present as soluble, colloidal, and suspended solids.
plished by pressure spraying with water or clean-
ing compounds to remove surface films, followed
The pollutant contribution in sewage is usually
expressed as a per capita contribution. A study of
by scrubbing with brushes and cleaners to loosen
foreign matter, and finally rinsing thoroughly
data reported by 73 cities in 27 states in the
with water to remove emulsified oils and dirt. An
United States (96) during the period 1958-1964
showed a sewage flow of 135 gal/capita-day and a
alkaline, water-based cleaner normally is used.
B O D and suspended solids content of 0.20
Wastewater flows and concentrations are highly
lb/capita/day and 0.234 lb/capita/day, respectively.
variable. This is due primarily to the type vehicle
being washed, type of washing operation, amount
of water used, inclusion or exclusion of storm
shown in table 3-6. It should be recognized that
water, variation in type of cleaning agents, and
the presence of industrial wastes in a domestic
sampling procedures used. Automobile and
system may radically alter these concentrations.
ground vehicle washing requires 30 to 50 gal of
These levels may be expected to vary by about a
water per vehicle. Washwater characteristics de-
ratio of 3 over a 24-hour period. Flow and BOD
loadings generally peak between 1400 and 1900
termined from ground vehicles are presented in
hours. The lowest loadings generally occur be-
table 3-7. Principal wastewater constituents in-
clude free and emulsified oils, suspended dirt and
tween 0300 and 0500 hours.
oxides, phosphates, detergents, and surfactants.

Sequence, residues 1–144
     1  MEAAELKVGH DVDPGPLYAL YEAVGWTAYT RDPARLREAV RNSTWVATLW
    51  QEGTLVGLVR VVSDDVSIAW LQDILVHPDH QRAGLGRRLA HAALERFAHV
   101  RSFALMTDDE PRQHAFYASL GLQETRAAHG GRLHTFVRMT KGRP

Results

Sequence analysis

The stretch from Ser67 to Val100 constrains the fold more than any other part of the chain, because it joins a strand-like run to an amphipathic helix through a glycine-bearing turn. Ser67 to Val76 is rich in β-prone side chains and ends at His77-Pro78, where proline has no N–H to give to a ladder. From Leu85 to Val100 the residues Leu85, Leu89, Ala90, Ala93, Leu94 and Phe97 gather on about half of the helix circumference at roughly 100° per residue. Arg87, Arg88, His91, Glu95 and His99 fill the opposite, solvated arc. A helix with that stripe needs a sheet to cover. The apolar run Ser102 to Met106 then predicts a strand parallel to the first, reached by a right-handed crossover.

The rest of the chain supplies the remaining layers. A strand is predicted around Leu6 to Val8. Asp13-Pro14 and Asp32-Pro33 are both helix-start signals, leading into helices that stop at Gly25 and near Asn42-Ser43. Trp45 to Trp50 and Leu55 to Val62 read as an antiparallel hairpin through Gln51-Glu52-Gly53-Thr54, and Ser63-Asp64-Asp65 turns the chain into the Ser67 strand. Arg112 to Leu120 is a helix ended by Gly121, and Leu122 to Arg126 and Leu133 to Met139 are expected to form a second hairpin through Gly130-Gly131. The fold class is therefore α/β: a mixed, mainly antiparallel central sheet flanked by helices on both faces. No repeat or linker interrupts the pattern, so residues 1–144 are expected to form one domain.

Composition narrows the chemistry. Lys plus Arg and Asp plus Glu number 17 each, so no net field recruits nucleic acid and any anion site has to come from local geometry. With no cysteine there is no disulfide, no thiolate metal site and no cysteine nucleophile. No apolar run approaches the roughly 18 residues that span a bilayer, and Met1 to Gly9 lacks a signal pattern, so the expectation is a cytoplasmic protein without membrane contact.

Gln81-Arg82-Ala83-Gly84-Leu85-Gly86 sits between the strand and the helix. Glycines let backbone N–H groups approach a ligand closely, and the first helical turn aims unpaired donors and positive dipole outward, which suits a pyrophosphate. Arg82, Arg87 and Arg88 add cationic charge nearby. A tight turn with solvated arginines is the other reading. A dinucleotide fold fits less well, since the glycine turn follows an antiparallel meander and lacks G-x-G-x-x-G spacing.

Table 3-6. Average characteristics of domestic sewage
(b) Aircraft are routinely washed to remove
(mg/L unless noted otherwise)
foreign material from the aircraft surface. The
survey results indicate significantly higher waste
loads than those experienced during ground vehi-
cle washing. BOD values ranging from less than
100 to several thousand mg/L and oil and grease
levels of less than one to several thousand have
(2) Wastes from paint stripping operations.
Aircraft and other vehicles are stripped of paint
periodically as routine maintenance in preparation
Settleable Solids (mL/liter)
for repairs or overhaul. Aircraft are usually re-
painted every three or four years to prevent
Free Ammonia (as NH3)
corrosion of metallic surfaces. The paint-stripper
Total Phosphorus (as P)
is brushed on and allowed to set on the painted
Sulfates (as SO.)
surfaces, causing the paint to swell and blister.
Alkalinity (as CaCO3)
This loosened paint is then removed with a high
pressure water spray. Modern paints are stripped
with a phenolic paint remover, while the older
c. Characteristics of industrial wastewater. In-
paints are removed by strippers containing
mostly methylene chloride (dichloromethane) and
quantity. The purpose of this section is to de-
hexavalent chromium with additional surfactants,
scribe the characteristics of major industrial dis-
thickeners, and wetting agents. Flows and charac-
charges and particularly those discharges found
teristics are highly variable. For example, approx-
on military installations. The major portion of
imately 3,350 gallons of paint-stripper, 715 gal-
wastewaters from most military installations are
lons of which is phenolic paint-stripper, are used
domestic in nature. However, military industrial
for large aircraft; while smaller aircraft may
wastewaters are produced from operations such
require some 300 gallons of stripper. It is esti-
as photographic processing, metal plating, laun-
mated that from 45 to 75 gallons of water are
dry, maintenance, and munitions manufacturing.
required to rinse each gallon of paint-stripper.
(1) Aircraft and vehicle washing.
The principal pollutants from a phenolic aircraft
(a) Ground equipment is routinely washed
paint-stripping wastewater and the ranges of
to remove any accumulated oil film, grease, metal
oxides, salts and dirt. This is normally accom-
concentration are presented in table 3-8.